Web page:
Lypertek PurePlay Z5 review: active noise compromise

Lypertek PurePlay Z5 review

With the PurePlay Z3 2.0 turning out to be a massive success, Lypertek is now back with a new model that further expands their line-up. The new Lypertek PurePlay Z5 is the first model by the company to feature active noise cancelling and to alter the classic design to embrace one with a stem. It’s quite a big departure from previous models by the company, but many of the fundamentals remain the same.

Disclaimer: thank you to John at KS Distribution for sending in a unit. Additional info is available on the official website. The PurePlay Z5 are also available on Amazon.com and Amazon UK.

Buy from HiFiHeadphones

TL;DR: recap

Pros
Cons
+ Very comfortable

+ Impressively stable and far-reaching connection

+ Great eartips set

– Battery life not on par with competition

– Sound is a bit compressed

Rating: 7.5/10

Packaging & Accessories

The Lypertek PurePlay Z5 come in a simple cardboard box with a magnetic latch; inside it are the earphones, their case, a USB to USB-C cable and a set of eartips which includes two pairs in foam (“PureComfort”), three pairs in silicone with small inner bore (“PurePower”) and five pairs in silicone with large inner bore (“PureSpace”). One thing to be noted about the eartips is that they have a circular inner bore, whereas the earphones’ nozzles are oval and they’re quite a bit larger than the eartips’ bore, making it sometimes difficult to fit them on.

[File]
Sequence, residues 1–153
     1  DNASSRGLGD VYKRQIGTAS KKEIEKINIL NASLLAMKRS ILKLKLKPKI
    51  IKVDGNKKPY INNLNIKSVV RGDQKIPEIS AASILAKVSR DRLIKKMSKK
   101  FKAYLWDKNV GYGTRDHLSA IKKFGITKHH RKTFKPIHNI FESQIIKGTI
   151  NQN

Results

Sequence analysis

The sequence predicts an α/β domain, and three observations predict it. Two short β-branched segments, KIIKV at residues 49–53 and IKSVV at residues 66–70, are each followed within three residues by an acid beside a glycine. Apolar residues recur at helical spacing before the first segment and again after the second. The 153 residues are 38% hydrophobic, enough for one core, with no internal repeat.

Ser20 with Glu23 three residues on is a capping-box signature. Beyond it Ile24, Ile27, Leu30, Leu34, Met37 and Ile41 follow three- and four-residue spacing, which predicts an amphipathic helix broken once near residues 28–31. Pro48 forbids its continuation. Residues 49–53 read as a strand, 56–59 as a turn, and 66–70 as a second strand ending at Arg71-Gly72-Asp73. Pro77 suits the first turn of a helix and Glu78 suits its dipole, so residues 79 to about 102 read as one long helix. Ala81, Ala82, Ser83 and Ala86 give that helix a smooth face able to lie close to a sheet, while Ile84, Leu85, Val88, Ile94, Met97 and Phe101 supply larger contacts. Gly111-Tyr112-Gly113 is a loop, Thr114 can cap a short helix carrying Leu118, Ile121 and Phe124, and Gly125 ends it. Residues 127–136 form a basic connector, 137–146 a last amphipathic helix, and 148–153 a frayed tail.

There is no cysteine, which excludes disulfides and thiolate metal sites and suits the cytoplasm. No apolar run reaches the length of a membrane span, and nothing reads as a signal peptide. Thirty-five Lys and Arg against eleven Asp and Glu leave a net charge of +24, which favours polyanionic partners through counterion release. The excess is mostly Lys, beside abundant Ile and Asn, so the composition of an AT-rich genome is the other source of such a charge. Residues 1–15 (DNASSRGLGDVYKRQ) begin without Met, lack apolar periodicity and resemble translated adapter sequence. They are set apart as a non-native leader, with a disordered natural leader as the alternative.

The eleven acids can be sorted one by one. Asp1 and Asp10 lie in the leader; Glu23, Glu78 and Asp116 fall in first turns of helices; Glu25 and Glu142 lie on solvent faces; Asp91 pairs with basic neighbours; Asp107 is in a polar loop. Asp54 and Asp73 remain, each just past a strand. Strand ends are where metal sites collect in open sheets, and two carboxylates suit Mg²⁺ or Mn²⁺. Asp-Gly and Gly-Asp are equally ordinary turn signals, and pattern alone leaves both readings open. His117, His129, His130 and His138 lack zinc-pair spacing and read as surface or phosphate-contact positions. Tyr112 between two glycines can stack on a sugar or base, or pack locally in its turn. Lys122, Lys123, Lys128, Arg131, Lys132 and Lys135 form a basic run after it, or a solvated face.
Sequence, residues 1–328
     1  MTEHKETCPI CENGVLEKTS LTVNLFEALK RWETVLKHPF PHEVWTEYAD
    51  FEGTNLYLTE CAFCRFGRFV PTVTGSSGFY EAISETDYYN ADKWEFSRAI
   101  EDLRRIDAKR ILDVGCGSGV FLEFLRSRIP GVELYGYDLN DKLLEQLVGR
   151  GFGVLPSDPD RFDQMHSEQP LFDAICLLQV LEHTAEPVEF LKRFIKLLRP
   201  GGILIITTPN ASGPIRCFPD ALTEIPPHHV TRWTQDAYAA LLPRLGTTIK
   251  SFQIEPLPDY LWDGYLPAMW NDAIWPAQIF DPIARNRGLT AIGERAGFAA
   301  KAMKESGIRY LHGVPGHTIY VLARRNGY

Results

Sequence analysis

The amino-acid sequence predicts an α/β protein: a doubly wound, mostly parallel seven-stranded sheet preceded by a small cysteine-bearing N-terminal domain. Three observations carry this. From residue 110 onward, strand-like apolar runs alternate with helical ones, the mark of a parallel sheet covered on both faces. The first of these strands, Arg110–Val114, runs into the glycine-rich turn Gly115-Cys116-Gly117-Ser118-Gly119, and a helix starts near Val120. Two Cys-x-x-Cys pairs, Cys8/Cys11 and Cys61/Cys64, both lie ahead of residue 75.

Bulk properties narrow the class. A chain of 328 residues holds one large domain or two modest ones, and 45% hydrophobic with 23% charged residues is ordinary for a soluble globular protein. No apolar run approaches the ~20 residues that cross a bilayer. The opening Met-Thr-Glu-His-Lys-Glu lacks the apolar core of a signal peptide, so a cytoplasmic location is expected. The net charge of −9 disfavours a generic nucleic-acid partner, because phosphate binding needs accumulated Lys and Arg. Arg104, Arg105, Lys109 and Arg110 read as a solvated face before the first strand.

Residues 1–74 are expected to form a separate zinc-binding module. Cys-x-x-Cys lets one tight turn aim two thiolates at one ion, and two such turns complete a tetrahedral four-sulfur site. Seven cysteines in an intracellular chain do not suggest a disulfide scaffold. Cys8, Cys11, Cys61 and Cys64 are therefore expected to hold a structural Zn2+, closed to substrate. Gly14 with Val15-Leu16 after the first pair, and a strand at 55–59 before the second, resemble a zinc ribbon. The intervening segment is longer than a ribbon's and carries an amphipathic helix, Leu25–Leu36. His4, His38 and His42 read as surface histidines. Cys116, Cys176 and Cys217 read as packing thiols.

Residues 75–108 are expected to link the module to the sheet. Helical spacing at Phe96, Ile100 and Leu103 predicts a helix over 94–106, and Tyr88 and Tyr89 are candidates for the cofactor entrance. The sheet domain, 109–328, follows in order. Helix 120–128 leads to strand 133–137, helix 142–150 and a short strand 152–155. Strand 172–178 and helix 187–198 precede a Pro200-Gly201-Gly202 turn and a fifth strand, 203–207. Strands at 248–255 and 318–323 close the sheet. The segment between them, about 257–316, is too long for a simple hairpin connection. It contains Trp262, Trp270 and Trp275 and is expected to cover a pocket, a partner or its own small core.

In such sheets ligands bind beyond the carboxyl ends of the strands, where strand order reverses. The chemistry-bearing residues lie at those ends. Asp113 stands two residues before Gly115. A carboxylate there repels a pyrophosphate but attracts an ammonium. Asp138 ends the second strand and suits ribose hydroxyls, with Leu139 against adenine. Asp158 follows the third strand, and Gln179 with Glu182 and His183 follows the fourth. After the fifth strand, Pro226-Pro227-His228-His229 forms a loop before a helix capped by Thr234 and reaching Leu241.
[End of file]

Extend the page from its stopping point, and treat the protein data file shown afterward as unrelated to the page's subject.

Design & Comfort

Lypertek PurePlay Z5

The Lypertek PurePlay Z5’s design is quite a big departure from that of previous models. The first and most noticeable change is that the earbuds now sport a stem, in contrast to all previous models that didn’t have one. One thing that Lypertek got right is the shape of the shell: contrary to many competitors, which make it so that the earphone have quite a shallow fit, Lypertek designed the PurePlay Z5 so that you can wear them either with a shallow fit or with a deeper insertion, based on what you like. This is made possible by the shape of the shell being bullet-like, with the stem that sits at a distance of a few millimetres from the nozzle, allowing you to wear the earphones the way you please.

As usual with Lypertek products, the PurePlay Z5 offer good build quality, with shells made of seemingly resistant plastic. The earphones are IPX4 certified, which is a significant step down from previous earphones’ IPX7, but still enough to use them during workouts or under the rain.

I found comfort to be excellent, thanks to the small size of the shells and to their roundness. I can wear the PurePlay Z5 for a while without even feeling them in my ears, which means most people will probably find them very comfortable as well.

Passive isolation is quite good and it is enough to shield you from most noises; as I type this I am wearing the earphones and I cannot hear my mechanical keyboard, which means isolation is good. In my experience, and this is a first for me, the silicone tips are the best ones, as the foam ones tend not to stick inside and create gaps that affect both isolation and frequency response.